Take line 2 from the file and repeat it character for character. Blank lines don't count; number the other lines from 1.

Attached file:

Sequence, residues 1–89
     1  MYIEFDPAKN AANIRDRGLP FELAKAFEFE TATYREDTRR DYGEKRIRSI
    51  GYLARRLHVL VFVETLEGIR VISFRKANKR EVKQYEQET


     1  MYIEFDPAKN AANIRDRGLP FELAKAFEFE TATYREDTRR DYGEKRIRSI